Applying sustainable principles to land use and growth management requires that growth be redirected from scattered fringe areas back to our urban cores, where people, services and infrastructure already exist. Building up our urban areas positively increases population density, providing the critical mass to support local services from coffee shops to grocery stores, public transit to libraries and symphony halls. Land recycling provides opportunities for urban renewal and to build truly livable communities: efficient, compact, vibrant urban neighborhoods integrated with public transit systems, which offer a mix of uses as well as affordable housing.
Redevelopment within an urban core reduces commuting distances and therefore average vehicle miles traveled (VMTs) by creating residential, office, and other amenities within close proximity. Since transportation alone accounts for a third of greenhouse gases (GHGs) emitted in the United States, land recycling is a key tool in the fight against climate change. Studies show that compact urban development, as an alternative to sprawl, could reduce VMTs by an average of 30%. Smart urban planning is therefore crucial to maximizing energy savings and overall reduction of greenhouse gases.
LEED certified buildings and other developments best benefit climate change when they reuse infill sites and access existing resources.
A recent focus of the green movement is the Leadership in Energy and Environmental Design (LEED) Green Building Rating System, a certification system that rewards the design, construction and operation of high performance green buildings. LEED certification signifies incorporation of smart building design and technology to reduce energy use and minimize waste. However, even if a building is energy-efficient, the energy required to travel to and from a LEED certified site may well exceed the energy saved through energy-efficient features. A project’s location and its relation to the urban center should be considered first and foremost in achieving truly sustainable design.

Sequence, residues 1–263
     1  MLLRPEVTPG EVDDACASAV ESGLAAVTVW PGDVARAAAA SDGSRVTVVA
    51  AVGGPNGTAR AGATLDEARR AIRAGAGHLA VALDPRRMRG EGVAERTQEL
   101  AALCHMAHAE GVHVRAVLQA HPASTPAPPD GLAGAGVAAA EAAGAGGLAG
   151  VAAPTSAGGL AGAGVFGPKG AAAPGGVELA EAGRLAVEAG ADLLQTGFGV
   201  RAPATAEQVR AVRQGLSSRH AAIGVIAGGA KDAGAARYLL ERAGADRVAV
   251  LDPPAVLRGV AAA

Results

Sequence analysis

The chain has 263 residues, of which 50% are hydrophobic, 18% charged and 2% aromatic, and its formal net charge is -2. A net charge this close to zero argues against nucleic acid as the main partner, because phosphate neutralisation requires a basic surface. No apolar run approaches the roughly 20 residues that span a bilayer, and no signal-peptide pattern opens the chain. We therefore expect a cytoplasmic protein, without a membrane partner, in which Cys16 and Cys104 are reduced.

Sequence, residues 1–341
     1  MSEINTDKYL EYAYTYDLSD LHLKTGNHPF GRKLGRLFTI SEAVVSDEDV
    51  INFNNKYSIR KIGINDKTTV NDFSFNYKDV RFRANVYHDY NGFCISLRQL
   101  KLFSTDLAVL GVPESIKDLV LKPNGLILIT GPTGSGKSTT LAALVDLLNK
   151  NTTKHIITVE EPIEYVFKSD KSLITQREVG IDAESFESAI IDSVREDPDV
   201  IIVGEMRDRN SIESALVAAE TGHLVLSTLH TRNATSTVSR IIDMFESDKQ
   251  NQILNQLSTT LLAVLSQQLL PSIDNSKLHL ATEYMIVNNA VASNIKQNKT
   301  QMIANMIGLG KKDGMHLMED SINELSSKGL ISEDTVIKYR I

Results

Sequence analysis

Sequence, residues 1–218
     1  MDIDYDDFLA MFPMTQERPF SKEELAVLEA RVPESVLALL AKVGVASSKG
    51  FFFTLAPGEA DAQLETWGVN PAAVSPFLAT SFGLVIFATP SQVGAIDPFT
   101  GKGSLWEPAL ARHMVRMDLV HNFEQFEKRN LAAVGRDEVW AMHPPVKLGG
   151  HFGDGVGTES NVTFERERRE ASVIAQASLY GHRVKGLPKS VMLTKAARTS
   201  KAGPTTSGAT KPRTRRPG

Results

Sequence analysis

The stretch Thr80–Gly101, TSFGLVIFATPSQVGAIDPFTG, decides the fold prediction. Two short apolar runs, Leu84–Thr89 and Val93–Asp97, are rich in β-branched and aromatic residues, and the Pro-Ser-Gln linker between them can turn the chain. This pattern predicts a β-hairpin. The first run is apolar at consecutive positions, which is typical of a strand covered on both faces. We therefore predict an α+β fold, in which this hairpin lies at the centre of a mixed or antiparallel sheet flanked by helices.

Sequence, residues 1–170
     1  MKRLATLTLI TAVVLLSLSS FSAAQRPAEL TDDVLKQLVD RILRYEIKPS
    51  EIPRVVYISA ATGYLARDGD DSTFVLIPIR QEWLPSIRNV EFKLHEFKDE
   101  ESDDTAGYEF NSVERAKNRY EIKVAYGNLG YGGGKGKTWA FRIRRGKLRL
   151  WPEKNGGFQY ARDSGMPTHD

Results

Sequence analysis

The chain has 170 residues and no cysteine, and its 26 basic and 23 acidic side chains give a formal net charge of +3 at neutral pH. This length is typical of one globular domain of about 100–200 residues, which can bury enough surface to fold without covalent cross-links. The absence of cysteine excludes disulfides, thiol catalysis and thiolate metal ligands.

According to research, traditional urban development can have a greater impact than a LEED certified suburban development in mitigating waste and the release of GHGs. Studies show that a green suburban development results in 15% more total expended energy compared to a traditional urban development of comparable size. This stems from the fact that the suburban development’s energy savings gained through green building features are overcome by a three-fold increase in transportation-related energy use. That increase bumps to four-fold when comparing the same LEED suburban development to an average urban LEED development, with an overall energy expenditure increase of 84%.
Green-conscious suburban development is still sprawl development, despite LEED certification for the project or building. LEED certified buildings and other developments are more energy-efficient and further benefit climate change when they recycle land and access existing resources.